Investing in America's Health: A State-by-State Look at Public Health Funding and Key Health Facts
Public health’s investment in disease prevention can avoid unnecessary illnesses, reduce health care costs, and improve the productivity of the American workforce.
Trust for America's Health annual report Investing in America's Health, supported by the Robert Wood Johnson Foundation, examines public health funding and key health facts in states.
- Federal public health spending averaged out to $20.28 per person in FY 2011. The amount of federal funding spent to prevent disease and improve health in communities ranged significantly across states, from $14.20 per capita in Ohio to $51.98 per capita in Alaska.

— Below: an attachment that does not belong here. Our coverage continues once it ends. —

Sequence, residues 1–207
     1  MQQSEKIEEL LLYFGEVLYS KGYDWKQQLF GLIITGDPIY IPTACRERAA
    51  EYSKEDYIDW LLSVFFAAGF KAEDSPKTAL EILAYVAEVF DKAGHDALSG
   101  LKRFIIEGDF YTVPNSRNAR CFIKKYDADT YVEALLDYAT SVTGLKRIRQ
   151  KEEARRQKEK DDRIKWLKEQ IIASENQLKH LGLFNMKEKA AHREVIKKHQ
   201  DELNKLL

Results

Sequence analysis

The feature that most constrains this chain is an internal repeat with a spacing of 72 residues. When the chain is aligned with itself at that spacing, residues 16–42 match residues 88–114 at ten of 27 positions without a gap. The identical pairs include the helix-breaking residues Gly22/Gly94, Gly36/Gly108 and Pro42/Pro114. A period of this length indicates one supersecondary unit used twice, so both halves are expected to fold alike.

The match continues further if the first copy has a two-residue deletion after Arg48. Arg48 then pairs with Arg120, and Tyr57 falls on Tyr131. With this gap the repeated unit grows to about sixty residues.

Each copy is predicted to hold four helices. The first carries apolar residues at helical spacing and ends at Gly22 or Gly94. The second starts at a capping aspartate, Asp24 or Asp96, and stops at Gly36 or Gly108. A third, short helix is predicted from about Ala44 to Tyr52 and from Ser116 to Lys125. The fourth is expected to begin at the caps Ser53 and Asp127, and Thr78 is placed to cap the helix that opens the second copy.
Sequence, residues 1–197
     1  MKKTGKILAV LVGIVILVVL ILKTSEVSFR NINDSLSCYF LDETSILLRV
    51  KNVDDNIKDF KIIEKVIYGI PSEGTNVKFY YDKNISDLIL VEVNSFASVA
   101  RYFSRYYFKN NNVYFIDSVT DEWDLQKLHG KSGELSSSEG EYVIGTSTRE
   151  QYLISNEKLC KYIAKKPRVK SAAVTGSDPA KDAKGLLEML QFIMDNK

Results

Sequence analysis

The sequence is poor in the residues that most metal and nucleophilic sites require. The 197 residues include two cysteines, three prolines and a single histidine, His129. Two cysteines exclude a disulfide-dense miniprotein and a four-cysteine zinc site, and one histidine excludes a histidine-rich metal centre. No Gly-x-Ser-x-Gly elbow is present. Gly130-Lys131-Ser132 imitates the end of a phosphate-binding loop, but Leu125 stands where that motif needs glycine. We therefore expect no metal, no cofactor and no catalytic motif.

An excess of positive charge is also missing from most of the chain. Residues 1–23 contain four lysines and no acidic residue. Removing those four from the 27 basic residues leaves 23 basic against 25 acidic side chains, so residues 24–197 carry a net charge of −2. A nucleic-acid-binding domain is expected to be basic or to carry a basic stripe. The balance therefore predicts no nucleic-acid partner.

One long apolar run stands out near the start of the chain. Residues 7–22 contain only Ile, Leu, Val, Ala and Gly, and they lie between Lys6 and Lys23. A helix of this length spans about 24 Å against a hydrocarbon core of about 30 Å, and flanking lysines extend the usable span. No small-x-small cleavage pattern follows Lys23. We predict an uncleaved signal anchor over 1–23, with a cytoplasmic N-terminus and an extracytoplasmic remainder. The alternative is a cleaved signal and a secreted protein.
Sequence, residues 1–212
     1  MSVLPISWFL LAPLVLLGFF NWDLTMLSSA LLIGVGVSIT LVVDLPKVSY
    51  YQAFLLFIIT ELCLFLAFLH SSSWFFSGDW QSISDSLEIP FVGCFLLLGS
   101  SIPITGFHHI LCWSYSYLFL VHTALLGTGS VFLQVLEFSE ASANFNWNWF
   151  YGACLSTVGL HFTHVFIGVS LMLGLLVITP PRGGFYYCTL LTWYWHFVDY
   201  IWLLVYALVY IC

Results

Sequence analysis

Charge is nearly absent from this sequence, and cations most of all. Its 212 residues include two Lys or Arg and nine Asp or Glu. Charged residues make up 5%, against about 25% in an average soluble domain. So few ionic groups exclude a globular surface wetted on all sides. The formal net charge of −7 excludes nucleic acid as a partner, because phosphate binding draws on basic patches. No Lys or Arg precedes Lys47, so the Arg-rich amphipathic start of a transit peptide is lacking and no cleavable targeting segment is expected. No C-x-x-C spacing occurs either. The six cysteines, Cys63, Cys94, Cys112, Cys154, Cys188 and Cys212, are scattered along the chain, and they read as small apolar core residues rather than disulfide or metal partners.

- The median amount in state fiscal years 2010-2011 for public health equaled $29.80 per person; ranging from $3.45 per person in Nevada to $154.80 per person in Hawaii.
- The report finds major differences in disease rates and other health factors in states around the country. For instance, 5.6 percent of residents of Massachusetts are uninsured compared to almost 25 percent in Texas, and less than 10 percent of adults in Utah are current smokers, while almost 27 percent report smoking in West Virginia.
The report makes several recommendations including: Increasing core funding for public health; using the Prevention Fund to effectively and efficiently reduce rates of disease; and reporting clearly and with transparency about outcomes achieved from the use of funds.